Caterpillars (the truck kind) and critters in central Illinois
A revitalization project brings museums and other attractions to the river’s edge in Peoria.http://img.washingtonpost.com/rf/image_296w/2010-2019/WashingtonPost/2014/04/12/Travel/Images/20140319_01271397337242.jpg 296 222
Readers send in humorous signs from their travels around the world.
Don’t be intimidated. With advance prep, you’ll be traveling like a local in no time.
El Santuario de Chimayo is the repository of “holy dirt” that reportedly possesses a special curative power
At a museum in honor of the famed bluegrass musician, you can try your hand at the banjo or Dobro or more.
Winterthur hosts an exhibition with almost 40 costumes from the hit British TV series.
At two Edgar Allan Poe museums, visitors get different glimpses of the horror mastermind
In Georgia, the trail of a notorious Russian writer includes great heights and no shortage of drinking
E.B. White’s essays captured a simple, peaceful Maine. Does it still exist outside of his books?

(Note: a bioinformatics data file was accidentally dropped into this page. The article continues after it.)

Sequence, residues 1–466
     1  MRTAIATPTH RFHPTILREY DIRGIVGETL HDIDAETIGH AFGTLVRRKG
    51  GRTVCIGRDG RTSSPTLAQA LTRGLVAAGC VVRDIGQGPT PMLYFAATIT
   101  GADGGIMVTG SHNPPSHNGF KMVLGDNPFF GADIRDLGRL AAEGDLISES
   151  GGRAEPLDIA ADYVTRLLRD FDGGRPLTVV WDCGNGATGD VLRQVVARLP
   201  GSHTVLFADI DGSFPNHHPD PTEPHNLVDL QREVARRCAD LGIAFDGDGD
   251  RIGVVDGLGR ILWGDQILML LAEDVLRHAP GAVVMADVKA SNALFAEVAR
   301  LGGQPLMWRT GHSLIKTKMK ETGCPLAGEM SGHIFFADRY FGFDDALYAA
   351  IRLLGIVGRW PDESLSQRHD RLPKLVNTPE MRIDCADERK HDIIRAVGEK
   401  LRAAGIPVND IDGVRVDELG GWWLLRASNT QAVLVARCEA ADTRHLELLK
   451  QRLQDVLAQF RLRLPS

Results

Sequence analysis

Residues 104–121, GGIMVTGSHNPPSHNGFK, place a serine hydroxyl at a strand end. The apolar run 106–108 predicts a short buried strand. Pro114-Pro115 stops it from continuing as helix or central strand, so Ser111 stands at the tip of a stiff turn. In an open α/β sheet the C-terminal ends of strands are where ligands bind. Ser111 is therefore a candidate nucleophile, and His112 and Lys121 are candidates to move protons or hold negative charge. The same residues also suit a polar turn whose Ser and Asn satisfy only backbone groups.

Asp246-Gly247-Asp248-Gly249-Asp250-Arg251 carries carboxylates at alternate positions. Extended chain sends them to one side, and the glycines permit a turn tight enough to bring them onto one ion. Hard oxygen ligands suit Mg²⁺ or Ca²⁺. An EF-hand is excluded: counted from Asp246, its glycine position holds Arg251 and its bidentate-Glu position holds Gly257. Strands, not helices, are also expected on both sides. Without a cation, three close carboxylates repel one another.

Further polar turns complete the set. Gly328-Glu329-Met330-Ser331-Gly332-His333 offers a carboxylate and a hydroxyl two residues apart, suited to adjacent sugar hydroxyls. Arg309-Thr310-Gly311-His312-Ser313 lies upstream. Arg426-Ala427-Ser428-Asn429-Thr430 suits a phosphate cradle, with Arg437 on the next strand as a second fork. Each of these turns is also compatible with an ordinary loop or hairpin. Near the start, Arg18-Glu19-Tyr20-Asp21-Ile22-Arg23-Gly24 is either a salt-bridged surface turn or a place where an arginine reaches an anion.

Guidebooks may dismiss the town, but the author found a unique experience in its blend of cultures.
In Switzerland, the wineries are pint-size and family-owned, and most of the wine is consumed locally.
No longer the drink of grannies, vermouth is making a comeback in Spain’s Catalonia region.
New restaurant openings highlight Philly’s evolution toward a less formal fine dining scene.
The penguins of Antarctica are fascinating, but they’re no competition for the mesmerizing ice.
Forget the image of grungy youth hostels full of backpackers. Today’s hostels are a whole different animal.
Forget pay-per-view. Hotels are making it easier to stream your content onto some really nice TVs.
Plenty of places offer lessons. These photos show the pros at work.
Costumes from the show take up residence at Winterthur.
Patricia Wells is updating her classic guidebook and has released a phone app for travelers.
“Saudade” could be described as a profound state of longing. It has become a Portuguese way of life.